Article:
Hiking is a fantastic social activity that can really help improve your fitness and health. However, before pulling on your walking boots and striding off into the distance, make sure you are well prepared.
From map reading to choosing the right footwear, here’s our realbuzz guide to taking a hike:
Be a route-master
Even if you will be walking with a group, you should still learn the basics of route planning, navigation and how to use a map and compass. After all, if the group leader should unfortunately become ill or have an accident, who is going to lead you off the hill?
Rudimentary map reading skills are very quick and easy to learn. Maybe an experienced friend could teach you, or you could pick the skills up on a one-day course, or using Memory-Maps – a tutorial navigation workshop DVD.
Take time to plan your route and prepare your equipment, whether you’re going for a one-hour walk or a four-week expedition. It can make all the difference. Always check your walking kit before you leave. It’s no good being out on a hike and finding you’ve left your lunch and coffee flask on the kitchen table!
Best foot forward
Make sure you have the appropriate footwear for your outing. It doesn’t matter if you are taking up hill walking for the first time or are an experienced mountaineer. Nothing will ruin your day more than an ill-fitting pair of boots. And, if your feet hurt the first time you stride out, you’ll possibly never go again.
If you are starting out hiking, it is worth considering modern fabric boots, which can offer more comfort than traditional leather ones. It’s best to visit a reputable outdoor retailer which offers specialist boot fitting service.
On the subject of feet – it’s a common misconception that blisters are an unavoidable side effect of walking. Wrong! Feet can be toughened up by regularly dabbing on surgical spirit, but also by walking. Start off with short routes and then increase them in length as your feet toughen. It’s important to wear well-fitting boots and invest in decent hill walking socks to keep blisters at bay.
Keeping your feet dry also helps to prevent blisters and you can get more help by wearing an additional pair of thin ‘liner socks’. And if you know you are prone to blisters then use strips of adhesive zinc oxide tape (available from most pharmacies) to protect your foot.
Don’t underestimate the amount of time you will be walking – or you could be left out in the dark. Inexperienced walkers often fail to take into account the much slower speed that can be achieved when moving over steep ground. We’d recommend learning to use ‘Naismith’s Rule’ to accurately estimate the time your route will take.
The Victorian climber’s basic rule is: Allow 1 hour for every 5 kilometres (3.1 miles) forward, plus 1 hour for every 600 metres (2,000 ft) of ascent.
When walking in groups try to calculate for the speed of the slowest person. Always start off by planning short, easy routes and then gradually increase your distances and severity, as your experience and confidence grow. Pushing too hard is how accidents inevitably happen. So it’s important to plan according to your ability and always to the ability of the weakest in your group.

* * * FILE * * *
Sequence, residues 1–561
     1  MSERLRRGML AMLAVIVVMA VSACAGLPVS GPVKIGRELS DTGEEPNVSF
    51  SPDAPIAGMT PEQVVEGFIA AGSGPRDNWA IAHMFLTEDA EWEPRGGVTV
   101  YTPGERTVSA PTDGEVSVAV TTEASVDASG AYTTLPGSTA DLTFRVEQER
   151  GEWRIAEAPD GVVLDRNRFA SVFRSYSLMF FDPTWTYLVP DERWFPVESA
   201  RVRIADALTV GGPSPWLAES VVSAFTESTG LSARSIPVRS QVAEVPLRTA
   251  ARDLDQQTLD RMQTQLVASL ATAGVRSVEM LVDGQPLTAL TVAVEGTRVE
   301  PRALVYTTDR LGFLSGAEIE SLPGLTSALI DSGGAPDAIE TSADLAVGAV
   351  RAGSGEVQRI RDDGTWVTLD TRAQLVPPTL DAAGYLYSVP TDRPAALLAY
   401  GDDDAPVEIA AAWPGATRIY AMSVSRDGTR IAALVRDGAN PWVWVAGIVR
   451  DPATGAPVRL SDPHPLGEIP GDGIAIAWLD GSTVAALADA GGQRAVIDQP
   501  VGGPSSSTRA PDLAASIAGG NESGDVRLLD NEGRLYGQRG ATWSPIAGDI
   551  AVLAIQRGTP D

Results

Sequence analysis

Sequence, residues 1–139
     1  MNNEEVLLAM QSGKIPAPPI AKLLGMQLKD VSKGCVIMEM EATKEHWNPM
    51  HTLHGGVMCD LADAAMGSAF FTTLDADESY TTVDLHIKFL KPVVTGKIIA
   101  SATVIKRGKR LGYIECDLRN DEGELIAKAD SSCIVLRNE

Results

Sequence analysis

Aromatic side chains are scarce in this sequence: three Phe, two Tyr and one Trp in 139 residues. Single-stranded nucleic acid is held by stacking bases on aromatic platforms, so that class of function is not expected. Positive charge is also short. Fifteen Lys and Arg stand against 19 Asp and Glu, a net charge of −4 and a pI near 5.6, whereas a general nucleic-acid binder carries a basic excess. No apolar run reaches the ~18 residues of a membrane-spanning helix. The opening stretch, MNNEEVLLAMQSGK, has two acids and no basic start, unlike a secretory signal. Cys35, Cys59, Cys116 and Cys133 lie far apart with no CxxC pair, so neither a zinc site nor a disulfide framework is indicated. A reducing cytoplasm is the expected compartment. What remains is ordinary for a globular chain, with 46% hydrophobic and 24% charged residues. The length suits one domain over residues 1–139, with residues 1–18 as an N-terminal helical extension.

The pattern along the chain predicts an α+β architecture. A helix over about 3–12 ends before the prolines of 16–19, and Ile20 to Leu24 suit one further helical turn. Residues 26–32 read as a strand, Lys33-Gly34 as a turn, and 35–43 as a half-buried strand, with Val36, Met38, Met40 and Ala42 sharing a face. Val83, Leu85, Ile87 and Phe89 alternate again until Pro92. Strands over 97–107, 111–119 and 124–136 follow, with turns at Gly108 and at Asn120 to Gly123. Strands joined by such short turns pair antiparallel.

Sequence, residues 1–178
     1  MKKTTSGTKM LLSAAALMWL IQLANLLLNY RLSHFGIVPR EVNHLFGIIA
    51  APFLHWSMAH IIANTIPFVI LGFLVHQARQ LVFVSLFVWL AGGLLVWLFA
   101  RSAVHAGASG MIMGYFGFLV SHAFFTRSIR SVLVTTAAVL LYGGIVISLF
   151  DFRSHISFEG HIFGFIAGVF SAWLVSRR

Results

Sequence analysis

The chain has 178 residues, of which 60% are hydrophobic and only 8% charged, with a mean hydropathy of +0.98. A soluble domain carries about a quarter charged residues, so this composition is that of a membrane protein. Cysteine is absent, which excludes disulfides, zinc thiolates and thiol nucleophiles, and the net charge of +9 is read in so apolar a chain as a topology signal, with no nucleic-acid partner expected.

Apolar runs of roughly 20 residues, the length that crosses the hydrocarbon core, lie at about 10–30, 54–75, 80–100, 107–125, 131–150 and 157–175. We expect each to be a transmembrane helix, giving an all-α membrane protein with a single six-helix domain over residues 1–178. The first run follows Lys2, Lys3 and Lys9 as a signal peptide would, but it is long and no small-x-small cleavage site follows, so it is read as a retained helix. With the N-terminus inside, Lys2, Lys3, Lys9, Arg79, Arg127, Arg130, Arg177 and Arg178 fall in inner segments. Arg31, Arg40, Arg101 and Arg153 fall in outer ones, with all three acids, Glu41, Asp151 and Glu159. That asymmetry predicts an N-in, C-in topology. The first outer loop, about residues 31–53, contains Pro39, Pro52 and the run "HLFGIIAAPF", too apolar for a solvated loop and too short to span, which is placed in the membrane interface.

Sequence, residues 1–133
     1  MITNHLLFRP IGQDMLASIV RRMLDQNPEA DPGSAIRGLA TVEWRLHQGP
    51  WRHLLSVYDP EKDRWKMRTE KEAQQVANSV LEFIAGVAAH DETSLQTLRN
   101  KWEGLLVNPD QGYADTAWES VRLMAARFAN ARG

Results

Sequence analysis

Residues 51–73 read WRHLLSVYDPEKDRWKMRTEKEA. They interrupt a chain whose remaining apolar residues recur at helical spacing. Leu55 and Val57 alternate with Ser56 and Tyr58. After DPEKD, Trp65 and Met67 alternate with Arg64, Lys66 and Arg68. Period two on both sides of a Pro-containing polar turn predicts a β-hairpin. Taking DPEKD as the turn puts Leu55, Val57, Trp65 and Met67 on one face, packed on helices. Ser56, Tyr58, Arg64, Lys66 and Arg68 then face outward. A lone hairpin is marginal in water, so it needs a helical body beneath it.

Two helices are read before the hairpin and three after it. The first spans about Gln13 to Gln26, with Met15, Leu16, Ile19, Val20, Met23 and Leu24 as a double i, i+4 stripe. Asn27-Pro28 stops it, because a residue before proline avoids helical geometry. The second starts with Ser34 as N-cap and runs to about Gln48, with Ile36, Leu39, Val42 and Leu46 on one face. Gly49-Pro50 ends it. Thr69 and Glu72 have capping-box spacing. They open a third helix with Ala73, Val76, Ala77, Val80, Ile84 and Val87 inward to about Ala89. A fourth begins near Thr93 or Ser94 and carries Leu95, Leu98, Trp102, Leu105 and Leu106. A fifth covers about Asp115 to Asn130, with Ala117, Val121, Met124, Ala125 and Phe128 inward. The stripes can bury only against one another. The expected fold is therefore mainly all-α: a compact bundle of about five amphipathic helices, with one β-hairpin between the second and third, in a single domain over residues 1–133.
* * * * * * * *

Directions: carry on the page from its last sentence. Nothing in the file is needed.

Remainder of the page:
Food for thought
Eating ‘little but often’ is a top tip when it comes to hiking. Carry some sugary snacks in your pockets, as these will help keep your blood sugar levels topped up, leaving you full of energy. Carefully consider what other food you will carry with you, as it needs to be tasty and nutritious but lightweight! Always carry emergency rations, for example: high energy and low weight food bars, as well as waterproof clothing and a bivouac shelter as part of your first aid kit.
Drink in more than the scenery
Never underestimate the effects of dehydration when you’re out walking – it can still affect you on the wettest, rainiest day of the year. You will need to consume at least 2 litres (67.7oz) of water during any day of hiking. As with food, a good tip is also to drink ‘little but often.’ Hydration packs are ideal and allow you to drink continuously while on the move.
Water is heavy, so one option can be to invest in a light-weight water purifier, which can filter water taken from streams and purify it for drinking or cooking. Another, lighter weight alternative is chemical purification, but be warned - this leaves an awful taste to your drinking water!
Be respectful of the countryside
Get to know any local countryside codes and take care when crossing farmland and other private property. In particular:
- Leave gates and property as you find them
- Protect plants and animals and take your litter home
- Keep dogs under close control
- Consider other hikers and walkers
- Also be aware that some public paths may be closed at certain times of year.
A little effort and understanding will go a long way and help keep land accessible for everyone to enjoy.
Stay in touch
It goes without saying, but we will stress to always take your fully-charged phone with you (sealed in a waterproof bag) when you are out hiking. Be aware that network signal strength can be non-existent in some remote areas so you may need to make your way to a public phone. Always carry a personal first aid kit (group leaders will carry a more comprehensive kit).
It is also well worth taking the time to invest in some basic first aid training courses, which are very affordable, easy to follow and can be vital.
Be a pack leader
You need to look after your back. So take a backpack with you and make sure that it suits your needs. On short day walks the load you carry will be very light, so select a day-sack that feels comfortable. For anything larger, visit a reputable outdoor retailer and get your pack fitted properly. Just like boots, different packs suit different people. Packs come in all shapes and sizes and most now incorporate an adjustable back system meaning you can achieve a more ‘tailored’ fit.